At this juncture in the conversation, Prof. Kelly directed the focus to issues of praxis, inviting speculations upon the possible challenges of actualizing such a radical pedagogical transformation.
Firstly, the existing condition of rigid, fragmented disciplinary formations result in our inability to grasp the crisis in a cohesive, transdisciplinary sense. While the natural and physical sciences have greatly advanced in thinking about human condition vis-a-vis planetary conditions, many other disciplines, say for example economics or political science, do not take planetarity as an orienting principle. The scale and urgency of the ecological challenge necessitate immediate action in this regard. According to Miller, we need to be able to synthesize cross-disciplinary connections and work cohesively towards the flourishing of the planet. In order to do so, we need a common language that can synthesize these connections and overcome our inheritance of a fragmented pedagogy. This requires us to arrive at a set of common orienting principles, perhaps ethical or spiritual, that can anchor these processes of transdisciplinary communication.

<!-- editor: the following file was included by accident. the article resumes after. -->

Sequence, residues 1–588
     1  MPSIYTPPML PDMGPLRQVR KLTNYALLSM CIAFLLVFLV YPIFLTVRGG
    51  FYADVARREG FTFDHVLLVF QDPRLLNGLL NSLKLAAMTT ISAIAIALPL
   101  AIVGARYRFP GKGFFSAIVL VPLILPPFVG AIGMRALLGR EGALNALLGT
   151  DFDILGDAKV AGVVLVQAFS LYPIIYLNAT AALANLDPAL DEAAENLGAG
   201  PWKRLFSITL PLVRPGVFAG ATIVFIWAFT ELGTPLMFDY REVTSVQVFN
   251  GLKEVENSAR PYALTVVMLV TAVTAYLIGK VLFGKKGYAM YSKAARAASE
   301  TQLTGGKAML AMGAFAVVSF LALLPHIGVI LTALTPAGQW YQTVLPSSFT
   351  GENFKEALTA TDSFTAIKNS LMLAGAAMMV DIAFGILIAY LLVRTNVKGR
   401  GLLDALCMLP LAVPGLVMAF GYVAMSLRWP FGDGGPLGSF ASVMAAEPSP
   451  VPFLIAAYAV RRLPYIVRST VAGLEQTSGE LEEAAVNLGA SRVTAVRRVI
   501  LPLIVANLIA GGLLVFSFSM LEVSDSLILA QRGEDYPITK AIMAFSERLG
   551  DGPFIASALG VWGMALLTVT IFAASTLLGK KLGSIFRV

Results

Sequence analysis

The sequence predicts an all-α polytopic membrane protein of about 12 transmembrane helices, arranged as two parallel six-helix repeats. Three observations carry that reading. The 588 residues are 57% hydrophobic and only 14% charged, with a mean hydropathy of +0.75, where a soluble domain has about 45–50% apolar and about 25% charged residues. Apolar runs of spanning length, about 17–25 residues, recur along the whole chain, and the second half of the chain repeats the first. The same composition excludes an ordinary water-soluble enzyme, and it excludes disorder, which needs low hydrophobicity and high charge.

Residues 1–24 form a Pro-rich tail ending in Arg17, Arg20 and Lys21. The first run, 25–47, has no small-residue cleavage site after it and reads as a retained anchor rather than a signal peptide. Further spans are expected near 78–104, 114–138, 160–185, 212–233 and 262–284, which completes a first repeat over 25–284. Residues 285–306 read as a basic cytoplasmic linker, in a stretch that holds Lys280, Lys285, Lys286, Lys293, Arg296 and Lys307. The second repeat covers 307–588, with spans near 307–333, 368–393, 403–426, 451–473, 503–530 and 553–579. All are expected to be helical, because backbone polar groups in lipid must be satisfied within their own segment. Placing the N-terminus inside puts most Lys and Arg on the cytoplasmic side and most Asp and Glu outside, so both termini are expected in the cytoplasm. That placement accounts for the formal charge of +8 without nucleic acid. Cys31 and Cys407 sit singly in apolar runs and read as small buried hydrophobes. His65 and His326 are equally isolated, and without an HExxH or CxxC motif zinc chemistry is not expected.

Secondly, the current physical infrastructure of the university reproduces the dominant assumption that teaching is fundamentally about transmitting the knowledge of the past. The rapid rate of technological disruption and environmental degradation demands that we move beyond the assumptions that underlie these infrastructures. In a world of advanced machine learning, there will be less demand for humans who excel at mechanically reproducing the knowledge of the past. Instead, the complex problems of the present and the future require original, creative, and synthetic thinking that must be realized through the infrastructures of the new planetary pedagogy.
These specific challenges notwithstanding, a new pedagogy that is for planetary wellbeing is crucial to the flourishing of human life on earth. This public conversation is an important contribution in that direction.